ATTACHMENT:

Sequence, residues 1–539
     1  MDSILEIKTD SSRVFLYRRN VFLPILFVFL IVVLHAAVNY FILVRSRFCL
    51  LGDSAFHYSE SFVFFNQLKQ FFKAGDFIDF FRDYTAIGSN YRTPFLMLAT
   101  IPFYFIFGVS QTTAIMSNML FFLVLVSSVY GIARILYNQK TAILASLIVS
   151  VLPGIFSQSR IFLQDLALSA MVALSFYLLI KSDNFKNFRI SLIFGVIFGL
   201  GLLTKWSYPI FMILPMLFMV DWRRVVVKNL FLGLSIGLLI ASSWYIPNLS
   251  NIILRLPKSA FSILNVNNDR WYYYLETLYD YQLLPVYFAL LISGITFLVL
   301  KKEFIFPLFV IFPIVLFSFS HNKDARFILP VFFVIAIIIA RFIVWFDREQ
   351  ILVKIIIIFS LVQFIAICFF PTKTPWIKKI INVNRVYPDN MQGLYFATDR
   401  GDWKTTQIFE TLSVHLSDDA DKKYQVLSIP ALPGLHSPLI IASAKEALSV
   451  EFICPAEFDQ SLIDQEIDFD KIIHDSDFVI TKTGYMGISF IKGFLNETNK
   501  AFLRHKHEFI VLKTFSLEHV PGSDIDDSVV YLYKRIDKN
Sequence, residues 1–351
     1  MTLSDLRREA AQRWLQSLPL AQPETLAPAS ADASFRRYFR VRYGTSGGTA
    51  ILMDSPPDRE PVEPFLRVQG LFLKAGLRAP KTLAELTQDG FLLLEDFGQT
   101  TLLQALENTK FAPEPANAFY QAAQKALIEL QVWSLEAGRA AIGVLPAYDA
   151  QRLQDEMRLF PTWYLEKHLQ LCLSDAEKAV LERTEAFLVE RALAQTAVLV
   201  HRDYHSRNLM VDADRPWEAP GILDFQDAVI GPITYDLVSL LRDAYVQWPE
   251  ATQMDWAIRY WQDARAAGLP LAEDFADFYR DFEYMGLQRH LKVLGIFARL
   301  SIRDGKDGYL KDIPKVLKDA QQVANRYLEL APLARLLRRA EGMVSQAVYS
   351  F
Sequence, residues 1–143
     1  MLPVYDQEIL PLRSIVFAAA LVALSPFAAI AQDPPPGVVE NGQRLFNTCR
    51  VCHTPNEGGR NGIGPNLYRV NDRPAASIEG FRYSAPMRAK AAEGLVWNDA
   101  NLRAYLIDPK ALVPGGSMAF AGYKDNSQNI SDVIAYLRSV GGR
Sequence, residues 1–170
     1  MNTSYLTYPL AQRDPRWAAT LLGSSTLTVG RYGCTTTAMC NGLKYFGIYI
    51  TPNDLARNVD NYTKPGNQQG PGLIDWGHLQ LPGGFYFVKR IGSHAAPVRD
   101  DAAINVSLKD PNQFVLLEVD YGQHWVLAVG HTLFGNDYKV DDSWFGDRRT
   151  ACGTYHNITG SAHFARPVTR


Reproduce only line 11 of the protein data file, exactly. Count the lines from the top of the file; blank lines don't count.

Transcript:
   451  EFICPAEFDQ SLIDQEIDFD KIIHDSDFVI TKTGYMGISF IKGFLNETNK